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Shorting stocks in upward trends

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Trying to short or put option stocks in upward trends can be a effort of frustration and something we always try to advise against. There's been a lot of interest among subscribers today in shares of software maker Symantec (NASDAQ:SYMC) $38.92 -2.57%.

What's "tempting" about a put play in shares of SYMC is the scenario that this "strong stock" in the software sector may undergo some profit taking as the broader GSTI Software Index (GSO.X) continues to trade heavy.

In past commentary I've mentioned how the market and even sectors tend to act like a snake. The "head" or the stronger stocks will try to pull lead higher, but when something gets hold of the weaker stocks "tail" and pulls them lower like we've seen in recent sessions, the head or stronger stocks often times will see selling as market participants soon find themselves holding their losers and finally begin selling their winners.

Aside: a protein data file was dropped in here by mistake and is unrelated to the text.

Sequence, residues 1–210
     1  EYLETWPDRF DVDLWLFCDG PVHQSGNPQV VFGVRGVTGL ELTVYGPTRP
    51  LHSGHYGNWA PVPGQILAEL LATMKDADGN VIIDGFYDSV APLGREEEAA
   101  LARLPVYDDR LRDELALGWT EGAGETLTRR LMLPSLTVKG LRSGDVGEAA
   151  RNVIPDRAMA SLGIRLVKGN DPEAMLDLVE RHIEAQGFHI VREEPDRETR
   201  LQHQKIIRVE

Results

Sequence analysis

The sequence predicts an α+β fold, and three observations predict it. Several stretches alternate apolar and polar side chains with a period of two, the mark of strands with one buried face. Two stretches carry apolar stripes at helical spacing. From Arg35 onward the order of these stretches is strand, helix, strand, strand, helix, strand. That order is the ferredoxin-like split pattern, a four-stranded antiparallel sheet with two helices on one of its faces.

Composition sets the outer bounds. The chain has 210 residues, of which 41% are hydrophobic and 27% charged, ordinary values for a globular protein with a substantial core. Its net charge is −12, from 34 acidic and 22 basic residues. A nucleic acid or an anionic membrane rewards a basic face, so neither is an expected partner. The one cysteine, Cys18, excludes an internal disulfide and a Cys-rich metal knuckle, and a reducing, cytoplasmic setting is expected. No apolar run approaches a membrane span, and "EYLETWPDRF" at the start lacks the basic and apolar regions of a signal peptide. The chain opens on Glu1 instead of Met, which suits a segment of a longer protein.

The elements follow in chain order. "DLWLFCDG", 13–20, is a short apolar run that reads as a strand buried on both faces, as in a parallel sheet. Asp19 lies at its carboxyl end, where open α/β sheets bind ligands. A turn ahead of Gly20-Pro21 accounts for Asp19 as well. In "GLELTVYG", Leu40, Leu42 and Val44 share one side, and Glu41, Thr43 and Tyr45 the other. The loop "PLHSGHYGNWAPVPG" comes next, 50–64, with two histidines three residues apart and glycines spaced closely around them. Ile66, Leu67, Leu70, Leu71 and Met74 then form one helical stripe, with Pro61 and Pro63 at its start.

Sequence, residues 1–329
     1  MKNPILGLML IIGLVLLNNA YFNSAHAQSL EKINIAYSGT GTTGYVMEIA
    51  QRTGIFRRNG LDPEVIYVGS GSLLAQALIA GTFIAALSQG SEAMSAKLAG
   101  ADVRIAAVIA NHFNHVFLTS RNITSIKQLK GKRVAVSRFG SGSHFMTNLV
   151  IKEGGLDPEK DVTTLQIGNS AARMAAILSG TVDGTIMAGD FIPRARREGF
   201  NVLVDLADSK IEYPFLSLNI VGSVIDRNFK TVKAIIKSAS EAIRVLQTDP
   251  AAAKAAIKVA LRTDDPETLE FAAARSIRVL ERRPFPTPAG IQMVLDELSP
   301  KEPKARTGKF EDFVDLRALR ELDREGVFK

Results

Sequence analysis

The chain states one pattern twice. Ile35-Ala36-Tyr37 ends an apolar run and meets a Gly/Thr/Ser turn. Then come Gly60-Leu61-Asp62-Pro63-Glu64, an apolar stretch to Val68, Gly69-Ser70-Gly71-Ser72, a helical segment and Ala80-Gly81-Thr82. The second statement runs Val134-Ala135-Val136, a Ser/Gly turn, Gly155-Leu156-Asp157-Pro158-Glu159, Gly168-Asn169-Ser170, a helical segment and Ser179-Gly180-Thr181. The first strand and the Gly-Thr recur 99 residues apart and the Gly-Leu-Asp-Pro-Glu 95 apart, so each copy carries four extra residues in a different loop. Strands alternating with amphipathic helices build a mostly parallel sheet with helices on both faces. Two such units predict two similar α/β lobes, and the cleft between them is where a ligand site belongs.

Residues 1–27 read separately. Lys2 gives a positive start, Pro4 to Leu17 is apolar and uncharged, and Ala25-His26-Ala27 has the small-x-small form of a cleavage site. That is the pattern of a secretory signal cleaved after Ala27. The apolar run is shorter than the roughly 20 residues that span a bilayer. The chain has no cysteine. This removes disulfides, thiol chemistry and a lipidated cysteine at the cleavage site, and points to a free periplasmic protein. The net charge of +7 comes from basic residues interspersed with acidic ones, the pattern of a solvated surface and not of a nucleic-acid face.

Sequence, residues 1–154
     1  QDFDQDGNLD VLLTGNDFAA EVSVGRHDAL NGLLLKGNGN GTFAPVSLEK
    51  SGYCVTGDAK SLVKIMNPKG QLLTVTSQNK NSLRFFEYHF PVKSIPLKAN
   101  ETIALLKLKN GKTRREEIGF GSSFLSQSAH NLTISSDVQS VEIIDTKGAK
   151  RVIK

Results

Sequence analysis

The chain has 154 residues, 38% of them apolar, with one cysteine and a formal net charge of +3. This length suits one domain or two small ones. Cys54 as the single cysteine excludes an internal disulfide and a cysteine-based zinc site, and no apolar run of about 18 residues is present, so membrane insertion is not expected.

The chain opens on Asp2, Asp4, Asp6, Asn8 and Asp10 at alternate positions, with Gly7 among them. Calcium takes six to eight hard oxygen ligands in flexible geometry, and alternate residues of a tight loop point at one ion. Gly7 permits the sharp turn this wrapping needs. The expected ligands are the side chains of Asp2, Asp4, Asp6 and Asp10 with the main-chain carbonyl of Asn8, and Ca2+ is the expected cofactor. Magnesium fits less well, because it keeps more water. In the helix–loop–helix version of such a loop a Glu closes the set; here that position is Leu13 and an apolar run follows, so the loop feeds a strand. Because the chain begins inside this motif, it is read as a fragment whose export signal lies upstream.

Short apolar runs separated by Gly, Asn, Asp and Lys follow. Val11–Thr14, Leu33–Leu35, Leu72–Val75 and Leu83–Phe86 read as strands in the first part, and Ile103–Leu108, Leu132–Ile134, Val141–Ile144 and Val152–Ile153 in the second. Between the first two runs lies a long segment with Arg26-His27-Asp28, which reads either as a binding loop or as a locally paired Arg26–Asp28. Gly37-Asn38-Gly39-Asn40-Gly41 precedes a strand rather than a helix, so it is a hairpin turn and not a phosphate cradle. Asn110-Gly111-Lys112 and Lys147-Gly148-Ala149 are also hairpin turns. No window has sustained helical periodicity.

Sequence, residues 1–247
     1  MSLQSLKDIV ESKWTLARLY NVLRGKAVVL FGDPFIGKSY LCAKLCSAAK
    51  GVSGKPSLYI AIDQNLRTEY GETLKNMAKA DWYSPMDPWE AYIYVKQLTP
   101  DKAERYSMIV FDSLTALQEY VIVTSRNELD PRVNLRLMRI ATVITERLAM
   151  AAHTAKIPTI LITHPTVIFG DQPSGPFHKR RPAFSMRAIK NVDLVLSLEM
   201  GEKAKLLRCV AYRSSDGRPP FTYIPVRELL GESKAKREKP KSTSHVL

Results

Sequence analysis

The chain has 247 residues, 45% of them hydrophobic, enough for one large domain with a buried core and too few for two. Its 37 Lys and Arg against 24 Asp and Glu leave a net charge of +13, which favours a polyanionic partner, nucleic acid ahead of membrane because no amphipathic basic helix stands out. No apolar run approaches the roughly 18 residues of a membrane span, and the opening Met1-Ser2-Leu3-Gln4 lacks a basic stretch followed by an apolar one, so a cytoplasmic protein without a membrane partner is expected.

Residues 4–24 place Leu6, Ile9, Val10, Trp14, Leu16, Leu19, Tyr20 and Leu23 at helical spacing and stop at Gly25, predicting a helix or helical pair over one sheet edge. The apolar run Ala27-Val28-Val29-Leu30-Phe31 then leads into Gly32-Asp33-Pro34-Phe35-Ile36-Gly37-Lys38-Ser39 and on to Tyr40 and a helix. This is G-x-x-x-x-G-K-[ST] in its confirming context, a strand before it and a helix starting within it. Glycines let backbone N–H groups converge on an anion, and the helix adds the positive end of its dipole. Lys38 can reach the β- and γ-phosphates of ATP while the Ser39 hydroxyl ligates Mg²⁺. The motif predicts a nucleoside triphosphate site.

Symantec Corporation Chart - Daily Interval

Traders that do have some profits in their accounts and building some gains often times will "take a shot" at a leader and look for a lottery play. A break of upward trend at/near the $37.60 level correlates pretty close with a triple-bottom sell signal in the point and figure chart of SYMC. I like the trade only as a "lottery play" at current levels as the stock's relative strength versus the GSTI Software Index (GSO.X) and the broader S&P 500 Index (SPX.X) is strong.

MACD on the daily chart is rolling lower, but remains above the zero level and did achieve a relative high compared to the late January reading. That higher MACD confirmed the price action in the stock, thus we do not find any "bearish divergence" that this indicator might otherwise hint at. Again, risk capital only.

Since this stock is in a strong upward trend, a "lottery" put player would want to buy time. You can almost count on some strong rallies should the broader markets firm. The SYMC July $35 puts (SYQSG) are offered $2.90 and this would be my choice for a play. No stop would be placed. If a trader can't risk the $2.90 per contract, then they should look elsewhere.

Jeff Bailey
Senior Market Technician
Option Investor

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